It was a bet he placed three years ago and now it's paying major dividends.

Brennan Robideaux is a Lafayette filmmaker who approached local pole vaulting phenom Armand "Mondo" Duplantis three years ago right after the (then) Lafayette High School student had just broken the high school world record. Robideaux was so impressed with the 17-year-old he decided to ask him to be the subject of a documentary that would capture personal and professional moments in all of his travels.

From my perspective, it was a very calculated risk. For others who weren't privy to the sport, they thought I was a little insane to fly around the world and sleep on floors and spend so much money for this.

Robideaux's bet paid off big time as Duplantis broke the world record twice in the last week. Mondo, now 20, vaulted 6.18 meters this past Saturday in Scotland besting the 6.17 record he set one week before in Poland. According to The Advocate, that's about 20 feet, 3 inches for those keeping score at home.

The previous world record of 6.16 meters was set in 2014 by French pole vaulter and Olympian gold medalist Renaud Lavillenie.

Mondo told The Advocate that the record-breaking moment still doesn't "feel real."

I'm just kind of on cloud nine right now. It's something that I've been kind of going forever since I was 3 years old. It always felt like it was in the far future and never felt so close to me. For it to actually come together and happen, it's unbelievable.

Robideaux says he has 500-1,000 hours of footage for the documentary titled "Born To Fly." He hopes to release a trailer for the feature-length film this week and work on the film while Mondo competes in the Summer Olympics. He knew a moment like this would come but now that it's here he feels "the pressure" to get this out and strike while the iron is hot.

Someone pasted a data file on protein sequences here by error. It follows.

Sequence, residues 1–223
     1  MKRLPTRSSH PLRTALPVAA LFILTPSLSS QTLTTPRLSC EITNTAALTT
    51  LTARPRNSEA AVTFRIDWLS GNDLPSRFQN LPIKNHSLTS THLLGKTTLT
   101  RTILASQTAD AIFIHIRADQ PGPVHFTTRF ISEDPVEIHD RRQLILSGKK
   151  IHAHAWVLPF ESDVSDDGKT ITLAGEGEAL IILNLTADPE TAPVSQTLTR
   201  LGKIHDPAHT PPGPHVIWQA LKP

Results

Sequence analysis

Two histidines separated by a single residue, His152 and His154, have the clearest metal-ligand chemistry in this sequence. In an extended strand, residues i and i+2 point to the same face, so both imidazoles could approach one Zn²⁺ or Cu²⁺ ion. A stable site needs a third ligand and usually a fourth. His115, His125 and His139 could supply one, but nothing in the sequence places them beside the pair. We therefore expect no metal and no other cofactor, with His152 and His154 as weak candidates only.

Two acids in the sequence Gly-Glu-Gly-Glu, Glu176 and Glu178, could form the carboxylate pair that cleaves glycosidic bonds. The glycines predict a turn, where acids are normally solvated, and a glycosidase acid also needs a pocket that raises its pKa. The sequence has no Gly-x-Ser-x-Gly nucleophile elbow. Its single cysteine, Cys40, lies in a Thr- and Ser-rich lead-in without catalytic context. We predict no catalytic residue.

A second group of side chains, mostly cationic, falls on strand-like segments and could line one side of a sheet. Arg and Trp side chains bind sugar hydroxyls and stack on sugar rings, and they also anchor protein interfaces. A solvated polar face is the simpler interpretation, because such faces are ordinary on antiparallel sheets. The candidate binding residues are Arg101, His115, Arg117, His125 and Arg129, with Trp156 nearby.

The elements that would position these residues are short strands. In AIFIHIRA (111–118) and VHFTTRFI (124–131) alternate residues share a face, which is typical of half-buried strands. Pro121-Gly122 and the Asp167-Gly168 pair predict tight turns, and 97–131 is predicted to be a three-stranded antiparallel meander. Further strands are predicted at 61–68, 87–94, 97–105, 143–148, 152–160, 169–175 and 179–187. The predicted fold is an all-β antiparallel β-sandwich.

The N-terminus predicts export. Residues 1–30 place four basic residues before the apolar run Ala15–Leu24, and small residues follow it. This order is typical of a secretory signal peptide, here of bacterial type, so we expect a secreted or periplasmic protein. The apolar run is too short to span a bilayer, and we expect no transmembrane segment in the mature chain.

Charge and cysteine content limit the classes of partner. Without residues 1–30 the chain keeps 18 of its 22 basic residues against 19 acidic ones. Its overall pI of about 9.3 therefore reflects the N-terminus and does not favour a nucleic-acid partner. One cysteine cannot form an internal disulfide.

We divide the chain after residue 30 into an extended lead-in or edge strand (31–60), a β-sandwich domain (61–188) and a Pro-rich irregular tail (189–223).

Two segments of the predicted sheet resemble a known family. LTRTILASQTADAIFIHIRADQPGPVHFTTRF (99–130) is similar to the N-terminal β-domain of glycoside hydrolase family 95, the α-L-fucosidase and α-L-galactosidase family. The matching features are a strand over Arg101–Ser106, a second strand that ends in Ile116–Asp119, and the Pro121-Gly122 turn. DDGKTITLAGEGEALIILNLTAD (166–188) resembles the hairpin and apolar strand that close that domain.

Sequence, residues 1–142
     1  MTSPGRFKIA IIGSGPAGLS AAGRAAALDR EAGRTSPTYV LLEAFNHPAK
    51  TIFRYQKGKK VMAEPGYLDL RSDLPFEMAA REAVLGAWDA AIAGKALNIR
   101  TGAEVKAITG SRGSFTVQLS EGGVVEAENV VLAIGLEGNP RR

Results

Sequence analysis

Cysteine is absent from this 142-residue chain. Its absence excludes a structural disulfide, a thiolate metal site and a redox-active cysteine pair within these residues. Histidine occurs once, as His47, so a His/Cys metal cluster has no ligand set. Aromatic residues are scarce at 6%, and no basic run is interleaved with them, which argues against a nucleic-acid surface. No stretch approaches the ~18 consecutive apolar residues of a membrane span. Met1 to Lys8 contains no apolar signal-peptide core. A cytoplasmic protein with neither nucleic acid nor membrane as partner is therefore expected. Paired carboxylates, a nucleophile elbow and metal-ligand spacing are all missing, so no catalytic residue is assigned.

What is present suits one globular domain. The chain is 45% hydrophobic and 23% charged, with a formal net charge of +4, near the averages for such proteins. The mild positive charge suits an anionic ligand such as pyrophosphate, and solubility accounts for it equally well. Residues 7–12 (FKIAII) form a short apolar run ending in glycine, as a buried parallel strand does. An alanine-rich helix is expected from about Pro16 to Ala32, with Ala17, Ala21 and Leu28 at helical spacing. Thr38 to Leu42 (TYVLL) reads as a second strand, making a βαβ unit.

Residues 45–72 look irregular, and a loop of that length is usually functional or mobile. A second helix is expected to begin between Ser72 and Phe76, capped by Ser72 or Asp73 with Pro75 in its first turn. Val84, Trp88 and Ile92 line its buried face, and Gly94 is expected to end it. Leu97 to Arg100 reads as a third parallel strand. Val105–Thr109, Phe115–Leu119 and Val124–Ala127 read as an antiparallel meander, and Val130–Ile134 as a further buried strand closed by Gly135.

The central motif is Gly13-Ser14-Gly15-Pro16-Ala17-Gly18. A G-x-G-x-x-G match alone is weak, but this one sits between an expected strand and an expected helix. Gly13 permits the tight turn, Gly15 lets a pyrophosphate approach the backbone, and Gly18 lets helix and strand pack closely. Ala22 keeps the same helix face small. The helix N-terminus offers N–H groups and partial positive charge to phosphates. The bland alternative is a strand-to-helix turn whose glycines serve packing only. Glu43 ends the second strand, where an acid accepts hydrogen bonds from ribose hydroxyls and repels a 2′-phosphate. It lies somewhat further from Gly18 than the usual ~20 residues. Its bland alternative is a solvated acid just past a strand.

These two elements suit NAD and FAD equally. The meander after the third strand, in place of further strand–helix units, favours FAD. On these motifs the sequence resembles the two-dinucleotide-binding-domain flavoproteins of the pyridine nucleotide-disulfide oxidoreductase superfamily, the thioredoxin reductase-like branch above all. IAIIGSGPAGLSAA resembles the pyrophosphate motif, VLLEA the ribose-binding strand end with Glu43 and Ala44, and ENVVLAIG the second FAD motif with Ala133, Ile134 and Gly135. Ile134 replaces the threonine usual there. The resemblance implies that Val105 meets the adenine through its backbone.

As far as Duplantis' parents go, they've been excited about the idea of a documentary since Robideaux made the approach. Duplantis was hesitant, but after meeting the filmmaker he knew Robideaux would be a good fit.

I just liked him as a person. I liked Brennan. He was somebody that I wanted around me, and I think that's why this documentary is going to be so special. There's going to be a lot of inside stuff because he's in my hotel rooms. He's with me all the time, and he can only get the behind-the-scene footage because I like him so much. I don't let people into my life as much as I've let him in, so I think he's going to get a really good insight into things.

The Advocate mentions that Robideaux's access is so personal that it has allowed him to capture heated moments between Duplantis and his father (who is also his coach) when it would come to big decisions in Mondo's life.

I was present for those tough conversations and decisions.

Mondo is set to represent Sweden (his mother's native country where he holds dual citizenship) this summer's Olympic Games and knows he will have a lot of support from south Louisiana where he was born and raised. His father says he knows he's up to the challenge.

He's never been in the Olympics, so it'll be something new and exciting. It's going to be very stressful, and now, there's even more pressure. He's expected to do well. And I think he's ready to do it.

Check out the full story in The Advocate to learn more about Mondo's journey here and keep up to date on the documentary at


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